The Sony Pictures hack just keeps on getting worse.
On Friday, a hacking group calling itself GOP released a fourth major cache of data stolen from the Hollywood studio in one of the worst corporate security breaches of all time. (Caches 1-3 included full-length films, detailed information about the company's finances, and a trove of Social Security numbers and other sensitive information about Sony Pictures employees.)
The new leak may be the most damaging yet for Sony Pictures, which has already been brought to its knees by the all-encompassing hack. Among the many thousands of documents released for the first time include film budgets and box-office projections, legal claims made against the studio, and other proprietary information that Sony Pictures' competitors may find very valuable. The information appears to have come from Sony Pictures' legal, risk management, and marketing departments. (Sony Pictures did not respond to a request for comment.)
Here are some notable findings from the latest haul:
Thousands of vendor contracts, for everything from animals to cars to boats. For example, one contract between Sony Pictures and William Berloni Theatrical Animals, an agency that rents animals to film studios, outlines the terms of a one-day, $2,100 dog rental for a photo shoot for the upcoming Annie remake.
Unreleased scripts for dozens of upcoming films and TV shows. Among the leaked scripts: Mall Cop: Blart 2, Goosebumps, The Wedding Ringer, and Seth Rogen's upcoming comedy Sausage Party.
Dozens of "greenlight studies" for upcoming Sony Pictures films, detailing the rationale for making (or not making) a given movie. Here is a slide from the greenlight study for the upcoming Angry Birds adaptation, showing where it ranks among other games.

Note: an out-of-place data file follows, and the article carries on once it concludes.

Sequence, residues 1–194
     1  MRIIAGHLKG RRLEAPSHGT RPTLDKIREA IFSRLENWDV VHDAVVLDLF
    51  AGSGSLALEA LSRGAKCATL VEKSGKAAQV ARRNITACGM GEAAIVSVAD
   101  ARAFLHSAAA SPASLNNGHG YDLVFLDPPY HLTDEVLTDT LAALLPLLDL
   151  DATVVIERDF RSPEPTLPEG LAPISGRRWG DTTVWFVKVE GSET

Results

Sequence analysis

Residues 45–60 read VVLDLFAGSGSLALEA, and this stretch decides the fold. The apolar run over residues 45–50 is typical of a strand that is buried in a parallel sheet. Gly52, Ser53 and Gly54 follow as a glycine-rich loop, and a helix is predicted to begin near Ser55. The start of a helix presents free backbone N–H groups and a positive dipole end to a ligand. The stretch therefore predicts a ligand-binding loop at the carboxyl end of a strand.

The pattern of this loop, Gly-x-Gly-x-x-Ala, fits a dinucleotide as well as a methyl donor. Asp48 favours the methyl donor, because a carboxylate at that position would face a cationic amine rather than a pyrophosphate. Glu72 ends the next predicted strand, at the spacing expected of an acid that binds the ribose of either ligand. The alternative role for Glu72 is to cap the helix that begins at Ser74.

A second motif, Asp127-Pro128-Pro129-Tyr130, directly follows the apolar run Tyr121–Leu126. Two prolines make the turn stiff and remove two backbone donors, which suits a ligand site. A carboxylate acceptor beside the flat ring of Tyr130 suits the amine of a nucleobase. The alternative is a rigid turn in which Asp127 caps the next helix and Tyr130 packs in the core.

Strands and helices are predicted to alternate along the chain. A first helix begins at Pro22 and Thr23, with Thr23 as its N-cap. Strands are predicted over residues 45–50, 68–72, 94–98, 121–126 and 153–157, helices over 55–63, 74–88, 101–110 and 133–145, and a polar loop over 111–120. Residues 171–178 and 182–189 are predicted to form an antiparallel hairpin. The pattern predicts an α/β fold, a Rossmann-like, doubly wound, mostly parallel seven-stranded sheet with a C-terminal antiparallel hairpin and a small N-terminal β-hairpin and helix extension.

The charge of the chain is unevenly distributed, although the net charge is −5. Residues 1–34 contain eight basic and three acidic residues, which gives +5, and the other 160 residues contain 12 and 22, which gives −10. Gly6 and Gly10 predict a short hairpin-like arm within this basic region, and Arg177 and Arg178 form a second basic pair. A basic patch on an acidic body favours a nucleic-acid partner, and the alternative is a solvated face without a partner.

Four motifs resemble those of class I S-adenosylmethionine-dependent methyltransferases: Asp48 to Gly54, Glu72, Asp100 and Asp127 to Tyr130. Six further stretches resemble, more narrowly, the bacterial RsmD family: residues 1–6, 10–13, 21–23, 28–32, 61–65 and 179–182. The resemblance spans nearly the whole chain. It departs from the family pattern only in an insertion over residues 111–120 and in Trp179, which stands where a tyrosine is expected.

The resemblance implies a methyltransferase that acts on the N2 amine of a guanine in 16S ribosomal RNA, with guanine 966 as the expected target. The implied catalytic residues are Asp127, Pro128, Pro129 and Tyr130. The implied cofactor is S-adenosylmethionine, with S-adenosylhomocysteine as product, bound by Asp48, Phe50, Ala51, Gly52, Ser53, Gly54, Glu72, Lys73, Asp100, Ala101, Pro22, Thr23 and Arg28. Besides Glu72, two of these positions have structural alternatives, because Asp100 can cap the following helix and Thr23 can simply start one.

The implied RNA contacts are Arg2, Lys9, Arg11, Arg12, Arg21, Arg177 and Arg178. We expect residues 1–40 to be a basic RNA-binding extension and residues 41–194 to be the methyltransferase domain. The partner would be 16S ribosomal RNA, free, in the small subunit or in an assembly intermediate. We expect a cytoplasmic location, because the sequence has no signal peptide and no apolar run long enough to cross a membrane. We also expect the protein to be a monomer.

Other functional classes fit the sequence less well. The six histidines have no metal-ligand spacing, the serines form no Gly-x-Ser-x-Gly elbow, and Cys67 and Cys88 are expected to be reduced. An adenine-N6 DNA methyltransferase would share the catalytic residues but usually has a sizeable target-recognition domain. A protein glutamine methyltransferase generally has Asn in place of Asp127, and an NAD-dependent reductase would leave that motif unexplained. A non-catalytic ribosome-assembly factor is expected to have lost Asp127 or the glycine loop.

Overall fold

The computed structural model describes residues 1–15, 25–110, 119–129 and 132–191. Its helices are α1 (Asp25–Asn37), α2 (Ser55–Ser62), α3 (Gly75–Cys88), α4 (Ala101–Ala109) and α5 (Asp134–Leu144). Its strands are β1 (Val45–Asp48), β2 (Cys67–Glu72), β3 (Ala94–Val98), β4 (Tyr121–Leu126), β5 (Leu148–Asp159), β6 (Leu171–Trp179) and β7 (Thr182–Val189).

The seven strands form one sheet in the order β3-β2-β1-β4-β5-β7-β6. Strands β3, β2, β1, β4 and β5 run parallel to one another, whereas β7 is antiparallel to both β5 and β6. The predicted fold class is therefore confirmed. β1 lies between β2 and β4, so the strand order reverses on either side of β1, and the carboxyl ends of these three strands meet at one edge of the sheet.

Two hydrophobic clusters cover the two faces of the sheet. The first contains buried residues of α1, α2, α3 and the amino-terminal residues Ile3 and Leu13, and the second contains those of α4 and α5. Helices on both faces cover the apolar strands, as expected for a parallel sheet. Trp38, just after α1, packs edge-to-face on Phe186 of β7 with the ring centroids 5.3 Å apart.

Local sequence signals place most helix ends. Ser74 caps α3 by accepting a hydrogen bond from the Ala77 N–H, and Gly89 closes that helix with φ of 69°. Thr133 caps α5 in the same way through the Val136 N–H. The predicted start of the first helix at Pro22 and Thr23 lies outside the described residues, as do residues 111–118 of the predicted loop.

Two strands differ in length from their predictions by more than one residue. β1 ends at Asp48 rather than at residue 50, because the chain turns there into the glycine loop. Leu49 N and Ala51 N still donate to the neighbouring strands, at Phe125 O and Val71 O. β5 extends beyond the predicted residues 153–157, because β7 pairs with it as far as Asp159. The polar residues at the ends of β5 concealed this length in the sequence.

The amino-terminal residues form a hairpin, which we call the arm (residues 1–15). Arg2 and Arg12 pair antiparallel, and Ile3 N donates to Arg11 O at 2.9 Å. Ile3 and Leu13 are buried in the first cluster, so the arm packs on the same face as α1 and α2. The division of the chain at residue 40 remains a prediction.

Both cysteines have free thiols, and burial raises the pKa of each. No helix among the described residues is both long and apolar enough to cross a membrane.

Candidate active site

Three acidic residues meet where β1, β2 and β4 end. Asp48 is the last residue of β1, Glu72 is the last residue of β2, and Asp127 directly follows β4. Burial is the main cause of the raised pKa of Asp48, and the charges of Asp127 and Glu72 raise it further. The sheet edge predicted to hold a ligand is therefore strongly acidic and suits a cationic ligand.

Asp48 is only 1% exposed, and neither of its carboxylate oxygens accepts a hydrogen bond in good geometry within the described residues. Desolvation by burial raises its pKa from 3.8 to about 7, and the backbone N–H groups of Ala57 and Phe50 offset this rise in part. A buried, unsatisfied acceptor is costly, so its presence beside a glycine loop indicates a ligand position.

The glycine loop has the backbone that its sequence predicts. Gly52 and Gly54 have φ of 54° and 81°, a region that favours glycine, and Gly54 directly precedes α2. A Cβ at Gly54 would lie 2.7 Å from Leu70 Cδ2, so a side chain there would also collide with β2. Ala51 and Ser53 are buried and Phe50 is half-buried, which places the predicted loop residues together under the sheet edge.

Confidential "popularity polls" detailing approval ratings and awareness ratings for hundreds of A-list celebrities in different markets around the world. These ratings are used to make casting decisions. For example, in one spreadsheet, Will Ferrell is listed as having 64 percent average awareness in 10 key overseas markets, while Tina Fey gets only 35 percent average awareness.
A folder of "publicity bibles" containing detailed contact information for dozens of Hollywood celebrities, including Tom Hanks, Brad Pitt, Jonah Hill, and Julia Roberts. These documents also contain information on anyone connected to Sony Pictures movies. (In the Moneyball publicity bible, for example, phone numbers for Moneyball author Michael Lewis and Oakland A's manager Billy Beane are listed alongside contact information for Brad Pitt and Jonah Hill.)
A folder full of "exit snapshots," detailing audience reactions and box office totals for recent films.
Documents related to ongoing litigation, including legal claims made against Sony Pictures by the Screen Actors Guild and former employees.
Financial forecasts for upcoming films, including Inferno and Smurfs 3. Some of these forecasts are quite revealing. For example, one spreadsheet showed that revenue projections for the upcoming Steve Jobs biopic fell by 25 percent once Leonardo DiCaprio pulled out of the project, and Christian Bale was cast in his place. (Bale has since quit, too.)
It's still not clear who's behind the hack. North Korea has denied involvement, although a state media outlet approvingly called the hack a "righteous" deed. It's also not clear how much more data is expected to be released. (Hackers claims to have 100 terabytes of data in their possession, meaning this could be just the beginning of a steady stream of leaks.) On Monday, the hackers apparantly demanded that Sony Pictures cancel the upcoming release of The Interview, a Seth Rogen/James Franco comedy about North Korea.
Whoever is behind the hack, their goal seems to have shifted from embarrassing Sony Pictures to flat-out ruining it. With so much of the studio's operations now out in the open, everything from actor contract negotiation to vendor selection just became a lot more difficult.